04 November 2021

Owen Paterson resigns as MP rather than face fresh vote on suspension amid Tory sleaze row

04 November 2021

Owen Paterson has resigned as an MP after Boris Johnson U-turned to allow a fresh vote on the former minister’s suspension for an alleged breach of lobbying rules.

The senior Tory announced his resignation on Thursday after the Prime Minister was forced into a retreat after preventing his immediate suspension by launching a review of the entire disciplinary system.

Mr Johnson had supported an attempt by Mr Paterson’s allies to review the sanction until opposition parties refused to take part in a “corrupt” Tory-led committee tasked with the review.

The Government whips were working to reschedule a vote on a six-week suspension for Mr Paterson after he was found to have repeatedly lobbied ministers and officials for two companies paying him more than £100,000 per year.

But rather than face what looked like a likely defeat, Mr Paterson said he had made the “painful decision” to resign as the MP for North Shropshire, triggering a by-election after a high-profile sleaze row.

“The last two years have been an indescribable nightmare for my family and me,” he said in a statement.

“My integrity, which I hold very dear, has been repeatedly and publicly questioned.

“I maintain that I am totally innocent of what I have been accused of and I acted at all times in the interests of public health and safety.

“I, my family and those closest to me know the same. I am unable to clear my name under the current system.”

The seat is by no means a marginal, with Mr Paterson having beaten Labour there in 2019 by nearly 23,000 votes but the by-election will undoubtedly feature allegations of sleaze.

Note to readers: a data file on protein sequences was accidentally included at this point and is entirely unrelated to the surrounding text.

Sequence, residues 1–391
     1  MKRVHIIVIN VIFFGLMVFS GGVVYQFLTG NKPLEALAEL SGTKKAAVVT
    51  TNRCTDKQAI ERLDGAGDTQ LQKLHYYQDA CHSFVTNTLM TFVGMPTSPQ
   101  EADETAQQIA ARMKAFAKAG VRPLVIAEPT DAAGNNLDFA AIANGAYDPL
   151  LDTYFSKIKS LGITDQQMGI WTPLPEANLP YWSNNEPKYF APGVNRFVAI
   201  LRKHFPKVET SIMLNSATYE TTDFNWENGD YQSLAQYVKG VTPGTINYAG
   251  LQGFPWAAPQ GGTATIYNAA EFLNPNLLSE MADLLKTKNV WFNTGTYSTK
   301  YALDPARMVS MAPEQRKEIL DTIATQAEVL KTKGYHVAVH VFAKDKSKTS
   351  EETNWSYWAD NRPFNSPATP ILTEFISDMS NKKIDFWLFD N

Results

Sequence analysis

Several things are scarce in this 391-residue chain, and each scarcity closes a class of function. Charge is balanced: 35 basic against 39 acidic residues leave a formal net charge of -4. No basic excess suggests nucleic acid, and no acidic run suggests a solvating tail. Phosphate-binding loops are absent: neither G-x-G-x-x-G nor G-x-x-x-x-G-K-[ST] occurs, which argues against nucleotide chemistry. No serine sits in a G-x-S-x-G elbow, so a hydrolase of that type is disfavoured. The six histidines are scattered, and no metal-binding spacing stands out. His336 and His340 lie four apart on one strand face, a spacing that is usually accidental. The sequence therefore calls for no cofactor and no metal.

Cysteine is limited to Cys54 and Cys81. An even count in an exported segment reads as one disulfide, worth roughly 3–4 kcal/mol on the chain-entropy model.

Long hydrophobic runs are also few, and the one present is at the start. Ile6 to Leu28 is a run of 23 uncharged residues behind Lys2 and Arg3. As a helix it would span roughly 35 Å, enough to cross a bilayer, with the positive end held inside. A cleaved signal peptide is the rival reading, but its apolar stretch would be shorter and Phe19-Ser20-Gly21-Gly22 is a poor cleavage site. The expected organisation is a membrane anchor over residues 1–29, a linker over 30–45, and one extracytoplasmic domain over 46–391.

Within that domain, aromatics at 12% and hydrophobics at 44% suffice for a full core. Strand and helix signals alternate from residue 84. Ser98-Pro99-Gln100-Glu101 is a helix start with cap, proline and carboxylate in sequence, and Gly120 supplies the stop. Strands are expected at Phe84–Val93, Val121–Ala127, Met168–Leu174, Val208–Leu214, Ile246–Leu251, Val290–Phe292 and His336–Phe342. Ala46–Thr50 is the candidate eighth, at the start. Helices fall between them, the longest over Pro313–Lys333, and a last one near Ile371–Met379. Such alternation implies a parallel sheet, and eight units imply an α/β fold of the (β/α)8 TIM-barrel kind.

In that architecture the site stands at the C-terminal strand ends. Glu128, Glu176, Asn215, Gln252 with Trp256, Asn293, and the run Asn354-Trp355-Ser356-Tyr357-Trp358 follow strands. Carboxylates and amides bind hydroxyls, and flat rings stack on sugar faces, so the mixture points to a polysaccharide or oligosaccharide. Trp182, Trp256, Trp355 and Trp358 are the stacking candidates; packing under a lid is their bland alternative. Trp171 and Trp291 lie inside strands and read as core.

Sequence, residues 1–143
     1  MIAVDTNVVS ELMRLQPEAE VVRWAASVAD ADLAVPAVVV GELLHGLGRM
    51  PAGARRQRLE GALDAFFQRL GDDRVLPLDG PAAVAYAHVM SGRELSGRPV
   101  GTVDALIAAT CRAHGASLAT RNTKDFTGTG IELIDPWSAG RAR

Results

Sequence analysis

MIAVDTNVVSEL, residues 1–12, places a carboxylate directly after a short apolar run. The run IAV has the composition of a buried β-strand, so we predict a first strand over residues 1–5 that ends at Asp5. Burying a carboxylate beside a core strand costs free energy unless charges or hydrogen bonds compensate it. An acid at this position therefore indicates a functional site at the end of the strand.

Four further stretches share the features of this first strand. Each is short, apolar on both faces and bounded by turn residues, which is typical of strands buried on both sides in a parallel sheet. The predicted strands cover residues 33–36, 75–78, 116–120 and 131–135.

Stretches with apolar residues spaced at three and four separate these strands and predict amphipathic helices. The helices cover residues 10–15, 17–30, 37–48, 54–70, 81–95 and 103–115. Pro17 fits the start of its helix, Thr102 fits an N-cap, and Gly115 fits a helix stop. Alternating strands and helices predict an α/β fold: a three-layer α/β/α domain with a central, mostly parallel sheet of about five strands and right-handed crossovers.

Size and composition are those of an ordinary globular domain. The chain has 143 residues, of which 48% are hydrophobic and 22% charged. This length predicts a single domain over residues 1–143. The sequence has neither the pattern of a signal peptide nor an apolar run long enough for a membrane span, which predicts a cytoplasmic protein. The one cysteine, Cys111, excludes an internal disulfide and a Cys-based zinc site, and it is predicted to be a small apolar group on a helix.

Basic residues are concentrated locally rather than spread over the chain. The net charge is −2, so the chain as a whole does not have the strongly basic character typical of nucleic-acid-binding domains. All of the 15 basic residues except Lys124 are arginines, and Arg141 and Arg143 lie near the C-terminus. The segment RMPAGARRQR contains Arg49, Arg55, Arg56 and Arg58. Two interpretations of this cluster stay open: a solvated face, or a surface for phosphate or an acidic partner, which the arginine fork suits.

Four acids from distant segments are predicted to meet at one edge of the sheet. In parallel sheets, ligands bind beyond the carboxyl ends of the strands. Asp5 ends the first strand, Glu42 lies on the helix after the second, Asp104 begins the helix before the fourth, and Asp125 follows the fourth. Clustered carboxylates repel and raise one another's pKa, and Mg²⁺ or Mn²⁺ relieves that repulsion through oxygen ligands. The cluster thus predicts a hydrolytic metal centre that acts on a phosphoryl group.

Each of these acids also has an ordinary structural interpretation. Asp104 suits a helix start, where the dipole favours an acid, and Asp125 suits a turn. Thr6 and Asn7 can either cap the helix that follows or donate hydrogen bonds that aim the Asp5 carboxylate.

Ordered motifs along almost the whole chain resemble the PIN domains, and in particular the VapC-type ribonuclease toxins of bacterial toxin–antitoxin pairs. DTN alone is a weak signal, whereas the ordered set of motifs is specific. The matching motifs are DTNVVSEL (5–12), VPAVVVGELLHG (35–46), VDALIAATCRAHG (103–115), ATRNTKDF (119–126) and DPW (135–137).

Conservative MPs expressed anger over the affair after Mr Johnson ordered them to back the controversial move just a day before his U-turn.

The climbdown came shortly after Lord Evans, the chairman of the Committee on Standards in Public Life, condemned the plans as being “deeply at odds with the best traditions of British democracy”.

Moments later, Commons Leader Jacob Rees-Mogg announced ministers would seek “cross-party” changes to the system after acknowledging a “certain amount of controversy”.

He also said the “link needs to be broken” between reforms and the case of Mr Paterson.

The Prime Minister’s official spokesman said ministers were “seeking to bring forward a vote in the House as soon as possible”.

But Mr Paterson beat them to the punch by resigning.

Tory MPs had been ordered to vote for the controversial plans on Wednesday, leading to Angela Richardson being sacked as a parliamentary private secretary to Cabinet minister Michael Gove when she chose to abstain.

On Thursday she said she was “pleased to be reappointed” after the U-turn.

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